“When one realizes that our many thoughts of anger and desire,
which churn the ocean of Samsara,
are devoid of any self-nature,
everything becomes a land of gold, my child.–A Song of Niguma
“When he requested these vajra verses [from Niguma], the learned and accomplished Kyungpo Naljor offered five hundred measures of gold to the wisdom dakini. He placed this text like a heart in an amulet box he always wore at his neck.”
“The elusiveness of Niguma is typical of the lore of the dakini, the very embodiment of liminal spiritual experience. Additionally, the difficulty of pinpointing historical information may well be due to the lack of ancient sources from India and the lack of concern about such mundane matters by the Tibetan masters who encountered her in dreams and visions and maybe in person. After all, when confronted with the blazing apparition of the resplendent and daunting dark dakini bestowing cryptic advice, a background check would be rendered irrelevant.”—Sarah Harding, Niguma: Lady of Illusion (2010)
“Seeing that this practice was on the verge of disappearing, and to prevent its bright light from ever waning, and that its radiance can spread, this one who has developed a little devotion to the Glorious Shangpa Kagyu, named Taranatha has composed this in a clear open way without hiding anything.” –colophon of Tāranātha’s Niguma Yoga text used by 2nd Kalu Rinpoche
I have just returned back to India after an amazing ten days in the Dragon Land (Bhutan, Drug Yul), stunning home to many amazing pilgrimage sites of Guru Padmasambhava and Yeshe Tsogyel and more. I visited Bhutan this time (my previous visit there was in 2019) as a speaker on the ‘Women in Vajrayana’ main panel at the 4th Vajrayana conference in Thimphu, Bhutan, hosted by the Centre for Bhutan and GNH Studies, see here. My paper was on the Vinaya, monasticism, female teachers and consorts in Vajrayana and whether they mix well or not, particularly in the 21st Century (more on that in another post!). I will be writing a short series of posts on Bhutan in connection with the conference and pilgrimage sites I visited there soon.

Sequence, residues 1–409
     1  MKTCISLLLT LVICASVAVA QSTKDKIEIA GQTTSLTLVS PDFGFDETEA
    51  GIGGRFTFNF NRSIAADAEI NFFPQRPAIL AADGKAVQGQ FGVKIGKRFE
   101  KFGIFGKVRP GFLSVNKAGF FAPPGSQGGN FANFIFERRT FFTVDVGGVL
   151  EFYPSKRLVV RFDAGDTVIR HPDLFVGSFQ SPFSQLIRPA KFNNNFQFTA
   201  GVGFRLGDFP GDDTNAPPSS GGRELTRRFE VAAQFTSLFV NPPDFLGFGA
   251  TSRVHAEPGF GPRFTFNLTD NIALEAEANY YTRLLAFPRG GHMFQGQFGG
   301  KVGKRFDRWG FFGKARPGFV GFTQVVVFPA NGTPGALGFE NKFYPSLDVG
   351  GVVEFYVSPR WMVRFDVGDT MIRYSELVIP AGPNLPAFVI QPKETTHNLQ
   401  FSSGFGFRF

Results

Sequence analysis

First, for the full moon today, I offer this post on the remarkable and inspiring teachings and presentations on Niguma Yoga by HE 2nd Kalu Rinpoche, both at the Vajrayana conference in Bhutan and now, here in New Delhi for three days (7th to 8th October).
I wrote about Niguma, Tāranātha, Jonang and Shangpa Kagyu lineage before here in 2019. This new post first gives a general overview of the history and textual background (some of which is taken from my previous article) on Niguma’s life story, her connections with Marpa the Translator and Khyungpo Neljor, who became the lineage holder of her teachings on Niguma Yoga. Then I offer a write-up and some photos of the Niguma Yoga events and presentations in both Bhutan and India. Previously, in 2015 (see video here) Kalu Rinpoche spoke about the importance of doing the preliminaries before doing Niguma Yoga. although he did not mention that during these teachings.
Kalu Rinpoche stated at both events that there was nothing magical in the techniques he was showing, it was simply the product of hard work, dedication and discipline. He concluded the New Delhi event with a full, non-stop presentation of the whole series of Niguma Yoga postures. Breathtaking and moving indeed. Like watching Niguma in action, spontaneous joy, devotion, laughter and tears bubbled up through the chakras at the sheer mastery and liberation of it all.
May this post enable us all to accomplish the Niguma Yoga and go to the Pure Land of the Dakinis!
Written and compiled by Adele Tomlin, 9th October 2022. Copyright.